AStarIsShorn is taking a short break
How to fall into fiber in one easy lesson:
I've been knitting since I was 12, so the next logical step was to learn about fiber and how it becomes yarn. To that end, I went to my first fiber festival in 2004 and discovered the wonders of natural fiber and clunky spindles; I met a lot of wonderful fiber folk and ended up gradually shifting from my first clunky spindle to an Ashford spinning wheel found on Ebay.
Little did I know that spinning would eventually lead to carding my own blends, and then to dyeing my own fiber, and then to opening a shop. Which is exactly what happened in January of 2016. I've been learning a lot about which types of fiber prefer which methods of dyeing, and how to dye a gradient that looks like a gradient, and how the drum carder can fix quite a few problems. I've learned that the oven is very useful for dyeing, and that the sun and wind are valuable allies in getting fiber dry and fluffy after a nice turn in the oven. I've also learned that primary colors can break in the dye pot, and that this can produce all kinds of interesting results. I've also made a lot friends with fiber folks all over the place, all of whom are very generous with their knowledge and technical expertise.
I also didn't know that moving from West Virginia, which is where I spent most of my life, to Vermont would foster my passion for fiber and for exploring creativity. Nor did I have any idea that Vermont is home to enough cashmere goats that there's a Cashmere Goat Farmers' Association. O.o Fiber is everywhere in my new home, including all over my person. My husband is wonderfully supportive and helpful--and tall, which means he can hang things out of reach of the ever curious (and helpful) Sales Kitties who are in charge of quality control.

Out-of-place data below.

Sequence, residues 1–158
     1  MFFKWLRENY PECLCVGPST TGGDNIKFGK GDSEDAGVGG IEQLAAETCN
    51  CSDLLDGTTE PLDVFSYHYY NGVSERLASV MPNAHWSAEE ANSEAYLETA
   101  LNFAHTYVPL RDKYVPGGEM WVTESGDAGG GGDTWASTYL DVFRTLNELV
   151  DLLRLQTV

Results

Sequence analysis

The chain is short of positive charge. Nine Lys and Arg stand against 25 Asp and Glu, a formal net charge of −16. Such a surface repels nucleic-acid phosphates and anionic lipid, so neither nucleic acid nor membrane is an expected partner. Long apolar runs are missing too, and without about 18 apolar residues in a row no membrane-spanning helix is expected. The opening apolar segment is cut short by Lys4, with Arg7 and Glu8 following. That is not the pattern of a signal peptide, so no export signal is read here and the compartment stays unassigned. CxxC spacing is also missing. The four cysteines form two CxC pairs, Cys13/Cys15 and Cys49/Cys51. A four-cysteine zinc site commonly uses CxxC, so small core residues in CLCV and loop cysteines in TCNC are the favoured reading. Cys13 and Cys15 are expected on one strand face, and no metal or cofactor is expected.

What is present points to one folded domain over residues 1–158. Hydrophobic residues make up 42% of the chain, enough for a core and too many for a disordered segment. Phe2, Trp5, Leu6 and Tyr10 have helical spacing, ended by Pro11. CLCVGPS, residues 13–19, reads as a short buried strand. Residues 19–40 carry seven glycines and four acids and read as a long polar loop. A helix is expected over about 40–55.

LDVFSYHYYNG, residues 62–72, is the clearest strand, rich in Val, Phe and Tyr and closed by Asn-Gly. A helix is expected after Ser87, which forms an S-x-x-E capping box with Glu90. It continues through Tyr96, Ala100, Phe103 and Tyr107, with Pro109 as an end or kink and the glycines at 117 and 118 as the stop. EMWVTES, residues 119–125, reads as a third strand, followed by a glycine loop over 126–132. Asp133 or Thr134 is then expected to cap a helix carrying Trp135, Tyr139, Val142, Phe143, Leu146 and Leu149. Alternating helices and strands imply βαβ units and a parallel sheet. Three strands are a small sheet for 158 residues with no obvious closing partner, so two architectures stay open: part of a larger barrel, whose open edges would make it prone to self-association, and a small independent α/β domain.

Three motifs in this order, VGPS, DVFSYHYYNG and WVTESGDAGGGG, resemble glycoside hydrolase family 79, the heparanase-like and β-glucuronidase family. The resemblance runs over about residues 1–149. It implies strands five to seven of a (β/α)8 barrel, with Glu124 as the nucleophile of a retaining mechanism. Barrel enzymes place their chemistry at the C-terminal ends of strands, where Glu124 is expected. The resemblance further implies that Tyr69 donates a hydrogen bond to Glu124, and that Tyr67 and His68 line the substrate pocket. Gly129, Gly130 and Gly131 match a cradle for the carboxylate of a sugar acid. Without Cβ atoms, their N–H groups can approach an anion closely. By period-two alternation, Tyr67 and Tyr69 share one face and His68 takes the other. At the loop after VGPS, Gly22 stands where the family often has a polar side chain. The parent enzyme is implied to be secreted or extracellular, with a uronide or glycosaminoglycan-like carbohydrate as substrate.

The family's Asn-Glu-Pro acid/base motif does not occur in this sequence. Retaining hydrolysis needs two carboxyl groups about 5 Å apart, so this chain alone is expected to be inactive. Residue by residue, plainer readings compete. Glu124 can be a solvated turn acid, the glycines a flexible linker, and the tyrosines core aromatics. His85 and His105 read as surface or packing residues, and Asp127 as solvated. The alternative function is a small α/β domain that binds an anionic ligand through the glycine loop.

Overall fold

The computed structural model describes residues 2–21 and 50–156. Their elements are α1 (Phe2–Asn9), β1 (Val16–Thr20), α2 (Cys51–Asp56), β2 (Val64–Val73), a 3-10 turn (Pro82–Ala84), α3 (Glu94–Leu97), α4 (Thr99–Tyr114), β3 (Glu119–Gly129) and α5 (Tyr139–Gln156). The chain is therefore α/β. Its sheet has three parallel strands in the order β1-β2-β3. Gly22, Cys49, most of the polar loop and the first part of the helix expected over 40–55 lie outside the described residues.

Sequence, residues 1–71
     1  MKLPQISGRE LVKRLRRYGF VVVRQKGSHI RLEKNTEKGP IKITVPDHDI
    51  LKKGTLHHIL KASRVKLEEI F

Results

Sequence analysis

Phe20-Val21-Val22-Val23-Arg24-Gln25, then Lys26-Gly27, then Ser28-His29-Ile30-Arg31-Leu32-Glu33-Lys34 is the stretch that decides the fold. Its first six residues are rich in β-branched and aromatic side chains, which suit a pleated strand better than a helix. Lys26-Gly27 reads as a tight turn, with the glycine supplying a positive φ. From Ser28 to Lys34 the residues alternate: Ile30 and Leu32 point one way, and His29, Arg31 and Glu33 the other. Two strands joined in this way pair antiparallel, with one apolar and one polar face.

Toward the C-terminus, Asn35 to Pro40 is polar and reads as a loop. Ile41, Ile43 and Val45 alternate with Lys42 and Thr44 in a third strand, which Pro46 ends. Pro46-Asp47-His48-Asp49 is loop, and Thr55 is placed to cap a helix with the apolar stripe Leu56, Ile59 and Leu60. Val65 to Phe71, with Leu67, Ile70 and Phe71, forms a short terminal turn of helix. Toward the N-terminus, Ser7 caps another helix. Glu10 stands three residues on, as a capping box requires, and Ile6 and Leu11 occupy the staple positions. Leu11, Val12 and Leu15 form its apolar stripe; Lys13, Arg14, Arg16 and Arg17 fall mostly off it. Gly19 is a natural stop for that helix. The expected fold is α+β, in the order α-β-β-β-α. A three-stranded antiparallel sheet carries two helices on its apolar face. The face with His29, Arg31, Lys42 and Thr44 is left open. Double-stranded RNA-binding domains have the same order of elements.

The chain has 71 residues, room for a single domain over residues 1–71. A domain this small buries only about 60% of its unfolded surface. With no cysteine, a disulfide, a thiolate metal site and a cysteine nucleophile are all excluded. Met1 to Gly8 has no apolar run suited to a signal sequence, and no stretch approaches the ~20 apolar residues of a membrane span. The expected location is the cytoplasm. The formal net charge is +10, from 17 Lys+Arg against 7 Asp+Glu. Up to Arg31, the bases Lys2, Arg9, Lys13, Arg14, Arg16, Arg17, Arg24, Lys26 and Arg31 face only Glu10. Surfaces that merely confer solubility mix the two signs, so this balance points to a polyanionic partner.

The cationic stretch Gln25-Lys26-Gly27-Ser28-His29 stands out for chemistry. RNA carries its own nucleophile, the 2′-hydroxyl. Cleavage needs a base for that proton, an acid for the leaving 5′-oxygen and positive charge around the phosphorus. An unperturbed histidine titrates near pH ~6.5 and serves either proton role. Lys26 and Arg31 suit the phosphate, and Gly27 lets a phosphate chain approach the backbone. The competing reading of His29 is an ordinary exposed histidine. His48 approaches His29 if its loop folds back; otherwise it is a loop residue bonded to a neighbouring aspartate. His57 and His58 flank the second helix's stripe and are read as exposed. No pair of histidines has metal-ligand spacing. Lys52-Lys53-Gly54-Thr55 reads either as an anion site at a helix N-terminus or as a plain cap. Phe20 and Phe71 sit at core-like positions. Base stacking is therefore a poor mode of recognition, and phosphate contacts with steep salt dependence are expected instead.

Dye Faerie, spinner, knitter, shipper, and stay at home mom to four cats and a hedgehog. I wear a lot of different hats and enjoy them all. :)
Senior Sales Kitty
Dumpling keeps us all in line and makes sure we do what we're supposed to do. She's quite a pepper, so we mind our P's and Q's.
Hobbes and Nebula
Junior Sales Kitties
Faithful little fuzzy assistants and quality control. If it doesn't pass muster with these guys, it's just not good enough.
Customer Service Cat
Customer Service Cat, at your service!
Pattern designer, library buddy, and font of wisdom on all manner of subjects.
Green Mountain Spinnery
Local wool mill and yarn producer that uses American-grown wool to create yarn ranging from fingering weight to bulky, both dyed and bare. I use their bare yarn as the base for most of the yarn I dye.
Magical Monk Bags
My good friend Mari over at Magical Monk Bags made these bags exclusively for us with the Starsheep logo. She sewed the bags and then machine embroidered the logo I designed.
NH, United States
A woolen mill
England, United Kingdom
I don't have the resources to process and blend large amounts of fiber, so having access to a woolen mill is invaluable for creating unique blends.
Accepted payment methods
Returns and exchanges
I gladly accept returns
I don't accept exchanges or cancellations
The following items can't be returned or exchanged
- Custom or personalized orders
- Digital downloads
- Items on sale
Returns and exchange details
Additional policies and FAQs
Minimum order for spinning fiber - 4 oz
Minimum order for yarn - 1 skein
The customer will be sent pictures of the completed item for their approval prior to said item being listed for sale and reserved specifically for that person. Should the completed item not meet with their approval, the customer may request one do-over. If the do-over still doesn't meet their expectations, I'm more than happy to recommend other dyers whose work might be more to the customer's taste.
If you'd prefer your yarn not to be soaked in scented Soak, please indicate this in the Notes section when you place your order.